9. The Foreigners

These guests are the equivalent of Hell. You’ll try to check them in, but will never be able to find them by last name because you couldn’t understand them over the phone, so you bullshitted the last name. Now you’re panicking. Then, when you give the speech explaining the rules and times and the whole drill, they’ll look at you with puppy dog eyes because they have no clue what you’re saying. Hispanics will ask you to talk slower, Asians will just nod and agree (you know they’re not really listening because they’re having their own conversation with each other while you’re talking), and at least 10% of foreigners don’t speak any English, so you’ll have to use Google Translate to type in the intro paper you give them so they understand. And if you’re a slow typer, you might as well just give them the room key because you’ll never get through that. These guests will break rules often, but it becomes so exhausting to keep repeating yourself that you just give up and clean up after them.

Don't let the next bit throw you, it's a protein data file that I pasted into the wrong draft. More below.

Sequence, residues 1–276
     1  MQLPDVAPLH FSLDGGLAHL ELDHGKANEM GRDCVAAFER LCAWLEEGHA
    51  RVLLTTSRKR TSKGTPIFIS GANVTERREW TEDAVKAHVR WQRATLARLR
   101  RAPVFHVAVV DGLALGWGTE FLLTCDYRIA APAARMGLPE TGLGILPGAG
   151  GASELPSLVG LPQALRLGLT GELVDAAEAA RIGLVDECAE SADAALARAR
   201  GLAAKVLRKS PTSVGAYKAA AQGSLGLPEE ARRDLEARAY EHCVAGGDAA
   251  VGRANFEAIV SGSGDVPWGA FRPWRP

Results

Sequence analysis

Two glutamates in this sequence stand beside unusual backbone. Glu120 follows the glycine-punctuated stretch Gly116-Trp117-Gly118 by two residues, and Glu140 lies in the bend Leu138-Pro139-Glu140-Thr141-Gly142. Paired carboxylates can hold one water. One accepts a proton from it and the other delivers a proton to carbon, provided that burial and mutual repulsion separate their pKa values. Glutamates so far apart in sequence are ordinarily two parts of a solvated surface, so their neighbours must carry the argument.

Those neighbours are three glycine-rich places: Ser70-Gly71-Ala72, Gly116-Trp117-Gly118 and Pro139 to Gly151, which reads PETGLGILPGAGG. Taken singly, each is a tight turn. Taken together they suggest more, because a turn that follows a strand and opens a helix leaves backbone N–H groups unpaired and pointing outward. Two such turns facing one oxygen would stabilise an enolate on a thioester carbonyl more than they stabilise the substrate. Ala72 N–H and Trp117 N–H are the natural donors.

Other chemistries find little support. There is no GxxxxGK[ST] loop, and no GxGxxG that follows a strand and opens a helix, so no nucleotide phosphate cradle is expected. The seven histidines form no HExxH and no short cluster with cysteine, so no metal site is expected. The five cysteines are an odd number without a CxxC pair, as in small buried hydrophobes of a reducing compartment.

10. The “I Need To Change Rooms”

These guests will complain about a small amount of dust in their rooms (that they tracked in themselves after walking through dirt to get to their rooms) or a mouse that ran across the threshold (HELLO! You’re in a forest!). They’ll demand to be upgraded and you’ll have to, even though you don’t want to. In the notes, you’ll mark this down so everyone knows how annoying they were to you. These guests will end up getting a luxury cabin because they came to the mountains expecting a Hilton Hotel instead of a campground with lodge rooms and cabins. Normally, these people are from the Bay area and live in $500,000 houses. You’ll hate them even more after seeing them pay cash for their room, but during their check out, they won’t pull out that fifty dollar bill to throw in the tip jar. It’s a 50/50 chance on whether they’ll come back, but even if they don’t, expect a TripAdvisor review about how wonderful their luxury cabin was and how others shouldn’t book any other rooms because they’re dirty and rustic.